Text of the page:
James: Yeah I agree, it’s a warm fuzzy feeling when I get emails back from listeners who have benefitted from the podcast, or have found it useful or it’s helped them with specific aspects and have gone on to get a job and it makes it all worthwhile when you do. With the people you mentor then, what does a good mentee look like? What is the difference between the people who really get something out it and those you think this isn’t working?
Sarah: Yeah, the best mentees are those that take the responsibility for the relationship. So mentors typically will already be employed somewhere so will be quite busy people and so it really relies on the mentee to keep that relationship going by really making sure they are signposting and reaching certain points in their relationship. This might be by saying at the beginning of the relationship, by the end of the first month I would really love to have a new CV and so it gives both the mentor and the mentee something to work towards. In our experience the worst mentees are the ones who drop off the face of the planet and then the mentors call up saying ‘I really want to help this person but I never hear from them and I don’t know who to get hold of them’. So that can be a real downfall when it comes to mentor relationships. So the best mentees have some sort of idea of what they want to get out of it by the end of it and they work towards that goal.
James: Have you had a mentor yourself who has helped you?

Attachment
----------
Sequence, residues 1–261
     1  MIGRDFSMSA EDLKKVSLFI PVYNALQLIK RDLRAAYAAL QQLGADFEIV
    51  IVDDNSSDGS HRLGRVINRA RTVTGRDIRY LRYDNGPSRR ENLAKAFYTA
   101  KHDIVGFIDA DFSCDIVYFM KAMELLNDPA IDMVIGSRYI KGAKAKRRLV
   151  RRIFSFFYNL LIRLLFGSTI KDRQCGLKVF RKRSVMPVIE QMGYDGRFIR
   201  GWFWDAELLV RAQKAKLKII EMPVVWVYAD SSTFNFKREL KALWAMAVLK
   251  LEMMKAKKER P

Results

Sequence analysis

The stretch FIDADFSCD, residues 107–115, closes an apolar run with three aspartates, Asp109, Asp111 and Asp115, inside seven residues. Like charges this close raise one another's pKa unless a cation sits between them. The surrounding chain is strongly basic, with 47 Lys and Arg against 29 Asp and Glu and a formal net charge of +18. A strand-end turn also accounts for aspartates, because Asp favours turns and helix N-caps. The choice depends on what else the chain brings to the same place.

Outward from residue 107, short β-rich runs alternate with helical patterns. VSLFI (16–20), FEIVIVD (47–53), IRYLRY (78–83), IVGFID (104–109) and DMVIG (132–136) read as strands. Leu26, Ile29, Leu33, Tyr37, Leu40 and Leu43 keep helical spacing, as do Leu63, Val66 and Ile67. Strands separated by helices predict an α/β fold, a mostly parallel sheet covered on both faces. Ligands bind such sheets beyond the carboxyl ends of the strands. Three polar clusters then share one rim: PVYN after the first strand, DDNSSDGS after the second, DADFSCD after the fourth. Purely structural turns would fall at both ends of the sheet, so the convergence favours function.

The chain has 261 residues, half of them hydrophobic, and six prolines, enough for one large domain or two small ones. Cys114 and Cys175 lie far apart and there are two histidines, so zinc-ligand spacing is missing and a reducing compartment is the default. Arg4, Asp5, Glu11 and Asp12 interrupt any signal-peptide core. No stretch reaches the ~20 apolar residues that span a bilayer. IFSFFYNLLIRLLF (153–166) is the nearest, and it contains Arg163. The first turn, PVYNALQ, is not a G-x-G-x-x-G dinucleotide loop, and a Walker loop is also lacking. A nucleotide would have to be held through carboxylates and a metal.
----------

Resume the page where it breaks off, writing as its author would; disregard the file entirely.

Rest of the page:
Sarah: I haven’t had an official mentor myself, maybe I should get one actually. I do have a coach, I employed a coach a couple of months ago as I wanted to look at specific things in my career. I have had unofficial mentors, a couple of people I have worked for and a couple of people I worked with in the past who I still see quite regularly, we go for coffee or go for lunch or something and I use them as a sounding board for ideas so if I’m making a new career move or if I’m launching a new project or something then I go to them and say ‘is this a crazy idea?’ ‘have I thought this through properly?’ and sometimes they’ll bounce things back at me. There wasn’t any such thing as a mentor when I was a grad, a long time ago, 25 years ago, and they are relatively new inventions, like internships.
James: I wish I’d had a mentor when I was looking for a graduate job, it would have made it a lot easier just having that guidance to show you the path of where you might want to go.
Sarah: Yes, I wish I’d had one. It would have made life a lot easier.
James: So thinking from a mentees perspective, how do you know if you’ve got a good mentor? What are the characteristics they should be demonstrating in their work?
Sarah: The best mentors are the people who are really open to sharing their own experience so talking about the mistakes that they’ve made as well as talking about the successes they’ve had; because it’s all very good saying ‘I’m very good at my job and I worked very hard and now I’ve gotten up to being director level’ but if you don’t talk about your mistakes then the people that are being mentored are going to think ‘I’m never going to live up to this…how do I beat that?’ So it’s really important that you’re open going into it and it’s really important to be a good listener. The best mentors are the people that let the mentees do some reflection and think about how they are going to get to where they want to be and the really successful mentor relationships we have had are the mentors that have opened up their networks to the mentees. It might be someone who needs some work experience and they can say ‘I have a friend who works over in Saatchi and Saatchi’ and can get their foot in the door to help them get some work experience.